Alas, tragedy shortly strikes when Nemo desires one evening of a tentacled shadow dragging her father to the underside of the ocean. When she awakes, she is knowledgeable her father and his vessel actually had been misplaced at sea. As a consequence, Nemo should transfer into the house of her estranged uncle that she’s by no means met, Philip (Chris O’Dowd), and regulate to life in an ultra-modern metropolis. It’d be a nightmare if not for the escape of her precise desires.
Only when her head hits the pillow does Nemo really feel liberated, in addition to vindicated into believing she will nonetheless discover her father alive on this dream world. She actually has discovered an fascinating companion in Flip, a trickster-like presence who involves Nemo revealing that right here in Slumberland, he was her daddy’s former accomplice in dream crime.
As an infinite furry creation, made all of the taller nonetheless by his high hat and tails, Momoa is meant to loom massive in each the body and Nemo’s unconscious. Yet he’s a welcome departure for the Game of Thrones and superhero actor, who’s been considerably pigeonholed into taking part in barbaric warriors and vibing dudebros. Still, Momoa and the movie make higher use of his pure charisma through the early scenes the place Flip is standoffish to Nemo. Momoa is extra mischievous than his typical onscreen personas, however it performs higher when there’s a frivolously worrying side to that presence—assume extra Beetlejuice than Willy Wonka. The later scenes might ask for an excessive amount of sentimentality from the star.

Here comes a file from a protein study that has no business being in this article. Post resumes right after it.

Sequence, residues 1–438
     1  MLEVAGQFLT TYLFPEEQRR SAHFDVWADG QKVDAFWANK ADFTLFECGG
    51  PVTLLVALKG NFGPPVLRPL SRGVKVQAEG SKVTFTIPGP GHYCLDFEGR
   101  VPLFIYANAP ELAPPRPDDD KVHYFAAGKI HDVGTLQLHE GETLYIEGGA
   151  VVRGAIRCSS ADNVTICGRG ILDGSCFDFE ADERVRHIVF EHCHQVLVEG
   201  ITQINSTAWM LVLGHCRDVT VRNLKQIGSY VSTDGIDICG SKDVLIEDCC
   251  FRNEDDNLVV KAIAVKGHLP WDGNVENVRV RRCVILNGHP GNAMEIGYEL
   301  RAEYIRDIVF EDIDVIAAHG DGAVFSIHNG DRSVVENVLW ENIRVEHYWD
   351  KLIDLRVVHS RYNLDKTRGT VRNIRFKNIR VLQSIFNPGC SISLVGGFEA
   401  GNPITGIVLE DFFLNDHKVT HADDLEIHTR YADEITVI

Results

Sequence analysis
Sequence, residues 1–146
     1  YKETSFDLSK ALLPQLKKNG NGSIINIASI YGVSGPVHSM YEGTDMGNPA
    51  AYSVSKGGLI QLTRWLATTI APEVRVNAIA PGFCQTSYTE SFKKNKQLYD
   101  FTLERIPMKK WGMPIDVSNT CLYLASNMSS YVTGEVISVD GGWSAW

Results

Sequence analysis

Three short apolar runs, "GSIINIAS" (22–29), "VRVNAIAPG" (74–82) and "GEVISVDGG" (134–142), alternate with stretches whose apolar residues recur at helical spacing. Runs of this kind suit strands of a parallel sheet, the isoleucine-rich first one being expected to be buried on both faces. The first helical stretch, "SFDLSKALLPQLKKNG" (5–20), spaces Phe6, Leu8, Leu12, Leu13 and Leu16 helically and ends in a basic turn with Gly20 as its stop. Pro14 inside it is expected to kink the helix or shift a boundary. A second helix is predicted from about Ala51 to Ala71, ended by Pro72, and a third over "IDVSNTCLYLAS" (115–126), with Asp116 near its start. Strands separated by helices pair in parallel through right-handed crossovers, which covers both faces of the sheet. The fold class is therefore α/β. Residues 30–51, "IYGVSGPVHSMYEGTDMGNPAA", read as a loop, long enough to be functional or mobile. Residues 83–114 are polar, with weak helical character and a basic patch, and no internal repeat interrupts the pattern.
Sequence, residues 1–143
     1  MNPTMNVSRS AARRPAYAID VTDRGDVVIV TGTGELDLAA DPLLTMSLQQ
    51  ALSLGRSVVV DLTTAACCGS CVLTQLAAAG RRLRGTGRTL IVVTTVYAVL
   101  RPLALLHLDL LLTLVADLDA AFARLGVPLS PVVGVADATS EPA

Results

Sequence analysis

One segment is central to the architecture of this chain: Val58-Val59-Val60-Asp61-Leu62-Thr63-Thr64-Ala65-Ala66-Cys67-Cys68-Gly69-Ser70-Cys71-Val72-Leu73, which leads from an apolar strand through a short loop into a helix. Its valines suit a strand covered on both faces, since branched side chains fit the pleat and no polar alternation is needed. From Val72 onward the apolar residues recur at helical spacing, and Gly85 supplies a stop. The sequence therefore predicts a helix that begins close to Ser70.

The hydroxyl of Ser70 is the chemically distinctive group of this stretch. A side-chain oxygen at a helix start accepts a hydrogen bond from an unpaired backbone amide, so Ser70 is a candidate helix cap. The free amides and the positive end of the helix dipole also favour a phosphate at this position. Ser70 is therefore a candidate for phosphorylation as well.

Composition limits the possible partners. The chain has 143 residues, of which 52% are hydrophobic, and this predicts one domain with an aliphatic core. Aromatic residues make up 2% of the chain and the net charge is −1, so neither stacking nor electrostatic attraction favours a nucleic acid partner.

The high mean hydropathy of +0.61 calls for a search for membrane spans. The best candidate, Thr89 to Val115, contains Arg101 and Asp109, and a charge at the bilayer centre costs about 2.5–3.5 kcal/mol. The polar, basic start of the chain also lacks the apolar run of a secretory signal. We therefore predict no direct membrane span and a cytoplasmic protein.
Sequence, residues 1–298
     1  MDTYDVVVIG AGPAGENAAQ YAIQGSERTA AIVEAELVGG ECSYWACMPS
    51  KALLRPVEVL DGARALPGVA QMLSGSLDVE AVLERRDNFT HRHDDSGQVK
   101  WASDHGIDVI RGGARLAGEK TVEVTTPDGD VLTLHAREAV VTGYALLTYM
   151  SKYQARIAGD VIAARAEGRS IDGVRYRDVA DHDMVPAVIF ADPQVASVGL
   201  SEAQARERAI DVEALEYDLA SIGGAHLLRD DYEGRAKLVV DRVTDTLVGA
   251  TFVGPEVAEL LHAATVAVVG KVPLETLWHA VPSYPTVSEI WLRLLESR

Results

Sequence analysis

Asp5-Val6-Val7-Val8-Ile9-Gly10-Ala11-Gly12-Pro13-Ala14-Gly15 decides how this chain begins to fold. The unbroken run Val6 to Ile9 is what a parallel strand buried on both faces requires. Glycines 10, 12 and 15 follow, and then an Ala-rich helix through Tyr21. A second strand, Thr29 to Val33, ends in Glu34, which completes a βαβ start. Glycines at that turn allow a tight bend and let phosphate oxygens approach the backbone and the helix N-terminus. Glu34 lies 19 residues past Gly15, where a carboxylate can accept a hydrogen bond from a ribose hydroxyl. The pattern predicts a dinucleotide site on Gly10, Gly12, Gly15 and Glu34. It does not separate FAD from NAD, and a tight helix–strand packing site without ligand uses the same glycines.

Even so, there’s a real sense of affection between Momoa and Barkley, which ought to have the ability to anchor the emotional crux of the image. Unfortunately, there may be nothing for them to actually catch maintain to on this film’s bottomless sea of digital trickery.
In isolation, a number of dream sequences work fairly effectively in Slumberland: an Art Deco corridor of toilet mirrors that Flip and Nemo can solely entry by climbing out of a rest room’s water tank suggests pleasant dream logic; elsewhere Momoa will get to point out his salsa swagger by dancing with a stranger’s festive desires; and whereas an clearly calculated injection of cuteness, Nemo’s furry stuffed pig changing into a silent sidekick is a winner in heartstring-pulling character design.
By and enormous, nonetheless, the shimmering CGI of the movie appears like a pastiche of different dreamers’ lucid recollections. The cityscapes round Flip and Nemo fold onto themselves just like the skylines of Paris in Christopher Nolan’s Inception, and the character of Agent Green (Weruche Opia) is only a extra kid-friendly retread on Hugo Weaving’s equally buttoned up antagonist in The Matrix.